Paintings from the Paintings in Hospitals collection installed at BAAT HQ
08 March 2017
BAAT is delighted to have artworks from the Paintings in Hospitals collection on display at BAAT HQ for the first time ever. We have chosen five paintings by four artists to help make our offices a more stimulating, comforting and supportive space for staff, members and visitors…
Paintings in Hospitals
Paintings in Hospitals is a national charity that aims to inspire better health and wellbeing for everyone by helping to create care spaces that encourage, enrich and empower people. The Paintings in Hospitals art collection is one of the only collections of its kind: with the sole purpose to inspire, comfort and uplift people who live and work in health and social care. All types of care organisations can borrow from their art collection, and everyone (whether a patient, carer, or visitor) is welcome to participate in their talks, tours and workshops.
In addition, Paintings in Hospitals can provide advice and assistance with:
Helping care providers to safely introduce art into their environment, using their loan schemes and partnering with national collections such as the Arts Council Collection and the V&A;
Encouraging patients, visitors and staff to engage with art so that they are equipped to reap the most benefit for their mental and physical wellbeing;
Advocating, and making a case, for anyone who believes in the benefits of the arts to health and wellbeing.
To read more about the work of Paintings in Hospitals please click here
The potential for art-viewing to alleviate work-related stress
The British Association of Art Therapists and Paintings in Hospitals are also partnering on projects such as joint research bids, and Paintings in Hospitals has supported Dr Val Huet’s research on art therapy and work-related stress.
A study conducted by Val Huet, CEO at BAAT and Sue Holttum, BAAT Research Officer explored the potential therapeutic mechanisms within art therapy-based groups for work-stress with staff in health and social care. Art-viewing was found to support relational processes, expression of emotionality and playfulness, in turn facilitating therapeutic engagement.
This study suggests that art-viewing, hitherto a neglected component of art therapy, may be important for that practice or practices based on it. The study also suggests a greater potential for art therapy-based interventions to be used as an approach to address work-stress in health and social care.
To read more about this study please click here
The paintings we chose from the collection
Loading Papers by Ernest Sargieson (Oil on Canvas)
Ernest Sargieson’s paintings lovingly document the life of Britain’s railways. This painting is also a sensitive study in colour and shape. Ernest spent eight years working for British Rail before studying art at the Royal Academy Schools.
Ladies Room by Marcelle Hanselaar (Etching and Aquatint)
Marcelle Hanselaar is a self-taught painter and printmaker. She is interested in the stories we create when we look at her work – where is the chair and who could it belong to? Marcelle’s work covers a wide range of subjects from everyday scenes to surreal and shocking imagery.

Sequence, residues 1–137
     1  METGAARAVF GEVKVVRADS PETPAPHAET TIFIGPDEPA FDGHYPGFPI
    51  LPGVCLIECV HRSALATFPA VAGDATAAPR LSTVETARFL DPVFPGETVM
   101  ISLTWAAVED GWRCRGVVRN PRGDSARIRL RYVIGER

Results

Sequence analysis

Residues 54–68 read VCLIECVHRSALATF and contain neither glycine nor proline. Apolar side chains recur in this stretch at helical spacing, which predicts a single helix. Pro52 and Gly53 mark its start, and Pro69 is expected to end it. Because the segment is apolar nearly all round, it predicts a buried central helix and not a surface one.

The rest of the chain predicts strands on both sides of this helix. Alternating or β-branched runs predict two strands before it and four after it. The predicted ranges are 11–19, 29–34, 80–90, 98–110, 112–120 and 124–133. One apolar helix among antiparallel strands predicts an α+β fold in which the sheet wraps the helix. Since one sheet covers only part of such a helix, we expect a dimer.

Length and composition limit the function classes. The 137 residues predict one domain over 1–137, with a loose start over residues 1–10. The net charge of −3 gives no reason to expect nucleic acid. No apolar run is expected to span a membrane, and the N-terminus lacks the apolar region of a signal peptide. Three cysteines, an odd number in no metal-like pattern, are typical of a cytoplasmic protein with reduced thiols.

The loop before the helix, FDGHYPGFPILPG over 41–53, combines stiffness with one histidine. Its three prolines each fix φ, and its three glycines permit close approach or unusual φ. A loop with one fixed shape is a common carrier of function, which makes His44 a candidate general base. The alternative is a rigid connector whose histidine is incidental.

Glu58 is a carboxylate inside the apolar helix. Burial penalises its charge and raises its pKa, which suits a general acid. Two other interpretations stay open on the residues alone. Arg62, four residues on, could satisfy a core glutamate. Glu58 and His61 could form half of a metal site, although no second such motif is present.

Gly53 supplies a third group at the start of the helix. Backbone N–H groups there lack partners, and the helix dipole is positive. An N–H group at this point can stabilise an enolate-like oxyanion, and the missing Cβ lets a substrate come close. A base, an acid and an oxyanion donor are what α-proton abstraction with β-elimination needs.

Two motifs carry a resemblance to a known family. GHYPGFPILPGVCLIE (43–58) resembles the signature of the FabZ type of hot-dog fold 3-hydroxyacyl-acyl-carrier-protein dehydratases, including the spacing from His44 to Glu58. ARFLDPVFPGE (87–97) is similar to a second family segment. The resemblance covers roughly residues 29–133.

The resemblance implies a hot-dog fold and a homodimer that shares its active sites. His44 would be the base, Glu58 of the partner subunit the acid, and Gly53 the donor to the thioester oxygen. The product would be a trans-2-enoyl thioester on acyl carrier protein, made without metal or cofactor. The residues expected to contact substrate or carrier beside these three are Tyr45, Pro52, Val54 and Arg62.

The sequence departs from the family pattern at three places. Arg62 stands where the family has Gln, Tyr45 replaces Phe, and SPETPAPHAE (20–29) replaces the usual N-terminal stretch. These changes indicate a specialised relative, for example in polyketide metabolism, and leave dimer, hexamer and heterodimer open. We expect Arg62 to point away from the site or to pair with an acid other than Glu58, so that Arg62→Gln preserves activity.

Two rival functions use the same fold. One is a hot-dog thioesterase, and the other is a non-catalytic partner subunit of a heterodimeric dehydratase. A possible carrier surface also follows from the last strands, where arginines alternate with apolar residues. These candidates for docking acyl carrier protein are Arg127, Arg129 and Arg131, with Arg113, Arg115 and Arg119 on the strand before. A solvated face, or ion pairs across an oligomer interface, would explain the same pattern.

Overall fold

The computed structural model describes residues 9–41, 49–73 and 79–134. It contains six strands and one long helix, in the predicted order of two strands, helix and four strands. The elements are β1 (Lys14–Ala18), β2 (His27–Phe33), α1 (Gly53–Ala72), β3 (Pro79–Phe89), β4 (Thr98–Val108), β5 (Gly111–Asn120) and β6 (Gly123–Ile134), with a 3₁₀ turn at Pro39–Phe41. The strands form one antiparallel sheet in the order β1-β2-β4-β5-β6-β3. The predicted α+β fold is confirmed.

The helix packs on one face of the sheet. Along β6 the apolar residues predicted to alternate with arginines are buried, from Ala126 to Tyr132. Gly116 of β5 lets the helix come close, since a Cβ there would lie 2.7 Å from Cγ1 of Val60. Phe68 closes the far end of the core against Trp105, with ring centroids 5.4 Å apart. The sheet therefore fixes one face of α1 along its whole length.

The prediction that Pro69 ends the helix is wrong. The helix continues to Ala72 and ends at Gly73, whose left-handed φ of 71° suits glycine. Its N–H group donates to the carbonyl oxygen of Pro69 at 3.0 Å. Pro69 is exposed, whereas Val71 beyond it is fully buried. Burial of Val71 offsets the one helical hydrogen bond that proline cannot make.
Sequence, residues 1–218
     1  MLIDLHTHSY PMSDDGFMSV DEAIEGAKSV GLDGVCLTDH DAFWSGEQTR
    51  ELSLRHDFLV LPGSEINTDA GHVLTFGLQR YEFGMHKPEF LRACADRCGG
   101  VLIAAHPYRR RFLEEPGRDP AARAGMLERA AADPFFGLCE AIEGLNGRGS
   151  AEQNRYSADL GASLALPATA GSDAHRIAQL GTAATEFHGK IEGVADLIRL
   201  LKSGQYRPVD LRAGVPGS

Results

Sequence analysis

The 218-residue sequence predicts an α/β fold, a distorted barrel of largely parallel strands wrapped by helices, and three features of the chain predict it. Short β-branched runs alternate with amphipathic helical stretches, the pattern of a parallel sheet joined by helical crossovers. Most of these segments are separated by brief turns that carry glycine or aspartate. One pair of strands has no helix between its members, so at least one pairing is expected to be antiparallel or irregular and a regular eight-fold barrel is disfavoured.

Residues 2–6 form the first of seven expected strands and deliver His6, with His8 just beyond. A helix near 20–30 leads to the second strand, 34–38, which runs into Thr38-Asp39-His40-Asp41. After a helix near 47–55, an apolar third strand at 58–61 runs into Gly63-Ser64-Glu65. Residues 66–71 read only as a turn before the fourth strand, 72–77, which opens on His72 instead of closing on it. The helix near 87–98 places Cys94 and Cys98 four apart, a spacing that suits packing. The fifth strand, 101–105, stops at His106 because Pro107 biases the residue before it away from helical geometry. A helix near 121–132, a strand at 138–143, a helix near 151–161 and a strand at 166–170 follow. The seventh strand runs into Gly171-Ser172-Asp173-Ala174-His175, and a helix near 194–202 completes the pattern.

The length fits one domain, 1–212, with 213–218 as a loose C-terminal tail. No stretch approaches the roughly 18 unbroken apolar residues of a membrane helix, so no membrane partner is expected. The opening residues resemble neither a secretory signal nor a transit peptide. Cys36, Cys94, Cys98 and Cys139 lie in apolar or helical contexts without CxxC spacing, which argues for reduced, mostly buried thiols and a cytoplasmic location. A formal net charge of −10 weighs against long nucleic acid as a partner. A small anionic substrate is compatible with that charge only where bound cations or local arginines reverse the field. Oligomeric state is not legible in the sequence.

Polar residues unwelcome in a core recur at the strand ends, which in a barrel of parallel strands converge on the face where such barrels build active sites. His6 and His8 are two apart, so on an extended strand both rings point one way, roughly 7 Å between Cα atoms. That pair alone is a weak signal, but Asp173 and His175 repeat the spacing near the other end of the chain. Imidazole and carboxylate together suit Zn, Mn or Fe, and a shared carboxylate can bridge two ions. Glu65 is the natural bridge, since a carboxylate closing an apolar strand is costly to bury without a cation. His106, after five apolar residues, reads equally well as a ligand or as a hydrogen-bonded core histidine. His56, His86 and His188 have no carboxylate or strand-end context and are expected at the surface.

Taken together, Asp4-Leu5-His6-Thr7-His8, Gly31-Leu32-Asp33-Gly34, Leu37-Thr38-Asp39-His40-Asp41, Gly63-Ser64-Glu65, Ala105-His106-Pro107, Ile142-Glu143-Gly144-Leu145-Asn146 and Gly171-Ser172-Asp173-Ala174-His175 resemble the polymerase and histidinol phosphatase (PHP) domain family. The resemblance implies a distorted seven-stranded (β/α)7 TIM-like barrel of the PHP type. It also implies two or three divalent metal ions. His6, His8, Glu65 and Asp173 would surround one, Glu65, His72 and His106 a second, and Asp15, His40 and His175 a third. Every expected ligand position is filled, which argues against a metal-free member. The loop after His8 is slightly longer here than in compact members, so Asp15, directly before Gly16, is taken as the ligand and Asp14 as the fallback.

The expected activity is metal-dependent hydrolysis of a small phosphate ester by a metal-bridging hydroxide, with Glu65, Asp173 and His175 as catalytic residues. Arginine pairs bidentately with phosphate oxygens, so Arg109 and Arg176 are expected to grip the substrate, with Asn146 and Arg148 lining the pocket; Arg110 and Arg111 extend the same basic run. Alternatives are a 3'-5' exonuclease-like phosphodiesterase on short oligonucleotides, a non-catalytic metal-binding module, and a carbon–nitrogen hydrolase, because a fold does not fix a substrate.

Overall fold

Beekeeper's Lofts and Navigator's Dream by Annette Edgar (Oil on Canvas)
Annette Edgar’s paintings celebrate the joy of life and exploring new places. She says that hot sunny places and their bright colours often trigger music in her mind, and she tries to convey musical rhythms in her paintings.
Lah-Rial by Nick Andrew (Acrylic on Paper)
Nick Andrew’s paintings are inspired his local landscape and the way it is changed by the seasons. He uses bold, fast brushstrokes to give an impression of the colour and movement of a place. He paints from his studio on the banks of the River Wylye in South Wiltshire and is especially fascinated by water.
An interesting history
Paintings in Hospitals was founded in 1959 by Sheridan Russell, Almoner at the National Hospital for Neurology and Neurosurgery. Sheridan had been exhibiting works by contemporary artists in waiting rooms, corridors and wards and began to understand the profounddifference that art could make to people’s health and wellbeing.
With the help of the Nuffield Foundation, Sheridan set out to create a unique art collection: one containing artworks chosen specifically to comfort and support patients and carers alike. Through the following decades, with the aid of Sir Dennis Proctor, former Chairman of Tate; Roger de Grey, former President of the Royal Academy of Arts and many other patrons, trustees and supporters, the art collection and the charity’s impact grew.
Today Paintings in Hospitals works across England, Wales and Northern Ireland and care for a diverse collection of almost 4,000 artworks, including those by artists of international importance, such as: Andy Warhol, Bridget Riley, Antony Gormley, and Mary Fedden. As well as four distinct artwork loan schemes, they now bring engagement activities, art projects and creative workshops to patients, service users and carers.
To read more about Paintings in Hospitals please click here